Towards the southern part of Clarenville, the ridge is broken by a series of valleys which have cut their way through from the coast. The most notable of these is the valley formed by the Lower Shoal Harbour River and Dark Hole Brook and their seaward extension of Lower Shoal Harbour, a shallow and narrow indentation of the sea marked by small rock islands and tidal mud flats. The flats surrounding the river are marshy and subjected to flooding during spring runoff. The river serves as the main drainage course for the area behind the coastal ridge.

Clarenville has developed in a narrow strip between the coastal ridge and the sea. The average width of the corridor is between 450 and 600 meters. Located at the most westerly end of an in-drift called Random Sound, extending 25 km inland behind Random Island. As probably the deepest, best sheltered, ice-free port on Newfoundland's east coast, Clarenville is suited for commercial shipping and recreational boating.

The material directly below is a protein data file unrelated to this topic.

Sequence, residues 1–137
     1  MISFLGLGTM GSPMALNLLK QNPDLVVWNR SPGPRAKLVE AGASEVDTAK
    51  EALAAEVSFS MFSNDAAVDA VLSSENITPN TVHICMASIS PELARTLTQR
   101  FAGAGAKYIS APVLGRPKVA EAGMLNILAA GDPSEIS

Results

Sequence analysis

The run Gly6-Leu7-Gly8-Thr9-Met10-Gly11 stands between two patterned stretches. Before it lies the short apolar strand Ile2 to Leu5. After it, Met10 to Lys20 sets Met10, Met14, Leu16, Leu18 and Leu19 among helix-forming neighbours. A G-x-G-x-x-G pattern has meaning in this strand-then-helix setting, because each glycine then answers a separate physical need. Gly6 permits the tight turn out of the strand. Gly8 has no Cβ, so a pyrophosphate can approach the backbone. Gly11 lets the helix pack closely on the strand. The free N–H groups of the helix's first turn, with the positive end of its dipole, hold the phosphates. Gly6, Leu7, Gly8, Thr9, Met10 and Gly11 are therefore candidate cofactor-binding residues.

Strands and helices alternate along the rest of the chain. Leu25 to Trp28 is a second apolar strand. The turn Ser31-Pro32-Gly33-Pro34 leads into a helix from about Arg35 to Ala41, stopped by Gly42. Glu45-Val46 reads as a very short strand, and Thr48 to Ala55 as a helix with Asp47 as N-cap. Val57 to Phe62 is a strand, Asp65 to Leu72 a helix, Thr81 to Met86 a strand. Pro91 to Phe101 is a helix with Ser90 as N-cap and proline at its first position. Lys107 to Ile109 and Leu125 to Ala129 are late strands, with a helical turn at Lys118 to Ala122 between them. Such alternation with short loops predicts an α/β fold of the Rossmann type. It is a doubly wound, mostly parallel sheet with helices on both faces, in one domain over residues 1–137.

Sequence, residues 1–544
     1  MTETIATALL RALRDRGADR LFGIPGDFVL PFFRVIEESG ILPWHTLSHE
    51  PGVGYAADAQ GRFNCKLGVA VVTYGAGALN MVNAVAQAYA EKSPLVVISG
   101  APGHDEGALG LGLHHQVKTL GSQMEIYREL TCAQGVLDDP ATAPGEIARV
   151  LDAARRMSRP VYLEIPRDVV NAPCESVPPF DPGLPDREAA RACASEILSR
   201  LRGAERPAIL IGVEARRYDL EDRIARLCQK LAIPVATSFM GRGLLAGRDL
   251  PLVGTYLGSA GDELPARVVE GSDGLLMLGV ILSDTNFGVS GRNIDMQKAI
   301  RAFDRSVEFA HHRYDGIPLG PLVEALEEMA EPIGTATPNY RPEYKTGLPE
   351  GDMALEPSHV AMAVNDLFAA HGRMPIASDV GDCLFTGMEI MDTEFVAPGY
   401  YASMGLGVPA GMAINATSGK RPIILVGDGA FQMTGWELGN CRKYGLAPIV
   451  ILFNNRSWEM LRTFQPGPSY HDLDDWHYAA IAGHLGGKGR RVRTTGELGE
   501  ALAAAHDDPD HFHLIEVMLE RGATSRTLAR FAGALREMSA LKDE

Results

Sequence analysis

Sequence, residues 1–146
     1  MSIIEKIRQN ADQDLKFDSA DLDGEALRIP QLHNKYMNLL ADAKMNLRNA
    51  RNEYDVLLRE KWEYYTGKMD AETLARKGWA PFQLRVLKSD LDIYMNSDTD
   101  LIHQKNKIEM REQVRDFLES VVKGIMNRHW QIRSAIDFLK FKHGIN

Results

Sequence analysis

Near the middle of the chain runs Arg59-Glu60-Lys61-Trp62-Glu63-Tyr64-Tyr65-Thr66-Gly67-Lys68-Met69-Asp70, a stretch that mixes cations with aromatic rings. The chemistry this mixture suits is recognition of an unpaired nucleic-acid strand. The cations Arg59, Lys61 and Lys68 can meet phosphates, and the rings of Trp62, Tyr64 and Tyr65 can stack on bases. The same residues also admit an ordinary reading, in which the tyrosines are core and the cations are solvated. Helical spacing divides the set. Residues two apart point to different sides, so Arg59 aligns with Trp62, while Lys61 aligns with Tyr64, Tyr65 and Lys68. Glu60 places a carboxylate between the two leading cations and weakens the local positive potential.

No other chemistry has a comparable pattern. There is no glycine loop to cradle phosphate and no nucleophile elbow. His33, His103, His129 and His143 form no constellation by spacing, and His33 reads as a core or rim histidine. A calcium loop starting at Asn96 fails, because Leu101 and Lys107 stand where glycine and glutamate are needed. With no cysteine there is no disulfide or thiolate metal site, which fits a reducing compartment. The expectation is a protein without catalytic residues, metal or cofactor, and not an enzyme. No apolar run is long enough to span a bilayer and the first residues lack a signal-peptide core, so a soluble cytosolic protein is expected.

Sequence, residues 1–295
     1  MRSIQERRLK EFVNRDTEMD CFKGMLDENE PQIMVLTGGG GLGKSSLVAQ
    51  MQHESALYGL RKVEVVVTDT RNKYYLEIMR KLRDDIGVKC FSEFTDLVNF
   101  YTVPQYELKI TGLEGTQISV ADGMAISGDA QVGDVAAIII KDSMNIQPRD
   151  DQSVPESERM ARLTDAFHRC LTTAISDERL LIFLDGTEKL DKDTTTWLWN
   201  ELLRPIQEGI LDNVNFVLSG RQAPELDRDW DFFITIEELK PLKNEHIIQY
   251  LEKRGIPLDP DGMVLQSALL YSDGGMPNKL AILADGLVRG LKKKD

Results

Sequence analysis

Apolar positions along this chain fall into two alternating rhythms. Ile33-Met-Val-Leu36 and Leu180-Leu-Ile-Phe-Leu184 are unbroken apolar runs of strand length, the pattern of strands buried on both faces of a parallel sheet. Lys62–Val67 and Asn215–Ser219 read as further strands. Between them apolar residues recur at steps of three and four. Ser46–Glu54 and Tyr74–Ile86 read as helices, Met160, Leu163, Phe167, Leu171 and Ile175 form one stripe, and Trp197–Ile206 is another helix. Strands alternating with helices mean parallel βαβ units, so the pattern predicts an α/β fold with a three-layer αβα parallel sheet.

There is no definite date for the first settlement of what is now Clarenville. William Cowan owned a sawmill at Lower Shoal Harbour around 1848 and this was bought by Joseph Tilley and James Summers of Hants Harbour. They settled here. Settlers also arrived at Dark Hole (or Dark Harbour). The families that made up this community were the Balsoms, Pearces, Vardys, and Seawards. Settlers also arrived at Brook Cove (the Burseys), Broad Cove (the Strongs, Adeys), and Red Beach (the Stanleys). These five communities became part of a new community known as Clarenceville in 1892 when the railway came through. There are two versions of the origin of Clarenville's name. It has been attributed to a memorial to the Duke of Clarence, eldest son of the then Prince of Wales (later King Edward VII) who died in 1892. The other version is that it was named for a son of Premier Sir William Whiteway. However, Whiteway had no son by that name. By 1901, Clarenville was the way everyone spelled the name and it has remained that way.

A wood carving of the town seal of Clarenville on display at Memorial University of Newfoundland.